It could be said that there is a motorcycle run/rally for everyone; you just have to find it. What do I mean? Well, if you're a one-day rider or weekend warrior that wants to ride to a spot, hang out for the day, then head home, you could find that in almost any town across the country. But what if you are looking for a true traditional bike run where you ride your bike there, set up camp with only the stuff you carried on your bike, then make a beer and food run to last the duration of your stay? Where do you find the kind of run that feels more like a party; a private party where you can do what you want as long as you don't violate "community standards."
Friday morning getting ready to head out.
Enter the Redwood Run at the Riverview Ranch in Piercy, California, where the second weekend of every June for the past 32 years has been the place to party the same way today as it was when it started. Located about 200 miles north of the Golden Gate Bridge, you can find more than 5,000 bikers coming from all over the US and abroad. The Riverview Ranch is privately owned with more than 85 acres of hillside camping with oak and redwood trees everywhere providing plenty of shade. On the lower-most point of the campground is where you will find the Eel River bend and Riverview's natural amphitheatre. The river runs behind the stage setup with a rock cliff on one side and a terraced mountainside on the other. In front of the stage is the infamous "Pit," this is where the party action can be found all hours of the day and night.
This is what one small rock can do to a beltdrive.
The best part of this run is you don't have to do anything but hang out at your camp spot, or find your way to the Pit and join in on any of the activities. Everyone is friendly and shares food, firewood, beer, and more. If you need to get away for a ride, some of the state's most beautiful roads are well within your grasp.
This year, the list of bands included Blue Rhythm Revue, The Gypsy Band, Bloodstone, Ladysmith (a female tribute-band to Aerosmith), and headliners Lita Ford, George Thorogood, and Los Lonely Boys. There was always something going on, from a ride-in bike show to a sloppy-wet T-shirt contest. There were plenty of vendors set up with things to sell and services to help out. One guy had a full-service bike shop set up from his travel trailer offering oil changes, flat tire fixes, and all kinds of engine work. As far as food, you could find everything from breakfast burritos to full racks of ribs, and the prices were fair considering where we were. Nothing was overpriced, not even the alcohol. It was a good run with lots of fun.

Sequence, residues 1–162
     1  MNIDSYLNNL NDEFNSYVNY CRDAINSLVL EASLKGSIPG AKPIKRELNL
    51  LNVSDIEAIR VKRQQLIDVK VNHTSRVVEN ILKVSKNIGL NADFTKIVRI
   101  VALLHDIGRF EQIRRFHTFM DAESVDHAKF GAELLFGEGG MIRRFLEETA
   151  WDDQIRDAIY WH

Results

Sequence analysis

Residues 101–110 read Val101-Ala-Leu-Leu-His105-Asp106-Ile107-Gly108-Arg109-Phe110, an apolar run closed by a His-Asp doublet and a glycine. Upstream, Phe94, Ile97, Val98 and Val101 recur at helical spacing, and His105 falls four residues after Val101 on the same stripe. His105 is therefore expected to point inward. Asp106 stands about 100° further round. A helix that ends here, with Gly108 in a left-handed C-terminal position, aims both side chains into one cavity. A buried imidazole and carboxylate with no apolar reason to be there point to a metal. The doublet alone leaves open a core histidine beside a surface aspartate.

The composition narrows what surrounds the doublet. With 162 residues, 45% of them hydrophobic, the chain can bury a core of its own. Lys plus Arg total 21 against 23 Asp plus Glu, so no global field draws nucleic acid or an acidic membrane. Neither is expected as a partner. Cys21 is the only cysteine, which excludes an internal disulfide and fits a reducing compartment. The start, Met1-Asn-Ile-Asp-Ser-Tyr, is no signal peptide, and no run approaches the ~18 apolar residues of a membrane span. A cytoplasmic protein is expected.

With the Run officially starting Friday, June 12, about 25 friends and myself started the ride on Thursday by heading to Uncle Kevin's house in San Jose. We met up, ate some barbecue, and planned to ride the rest of the way to Piercy the next day. With a group this size and everyone on different schedules, this was the logical halfway point, which also allowed us to check the bikes over before the next 300 miles. After getting together at Uncle Kevin's house, we saddled up and did the next 340 miles as a group.
On a more personal note, while this year was a first-time Redwood Run for most of the guys, it was a last ride for two good friends we lost last year, Richard Wilson and James Anthony Worley, aka. Tony. The Redwood Run was a ride that Richard had done for years and was the place he always wanted his last ride to be and his final resting place. As for Tony he had planned to make that trip for years but his bike always seemed to have problems, which kept him from going. Everyone wanted Tony and his bike to make the trip, so we pulled together to get his bike running, and as always, it was done the night before we headed out. We wanted to make this year's Redwood Run Richard and Tony's last ride by spreading their ashes underneath the tall redwoods. It was sure to be a run we'd all remember by honoring the memory of our brothers and their love for motorcycles.
Gateway to the Redwoods.
We did just that by heading north on Highway 101, pulling off the main highway just short of the Riverview Ranch, and found a cool area to say a few words, look at some photos, and mark the spot where we would spread their ashes. After the ceremony, we headed into the ranch, set up our tents, and started to enjoy the day while remembering our friends.
It was a good trip. All the bikes made it there and back without any problems, which was a first. We can't wait to make this trip next year, to have a good time and to say hello to our old friends. R.I.P. Ride In Peace.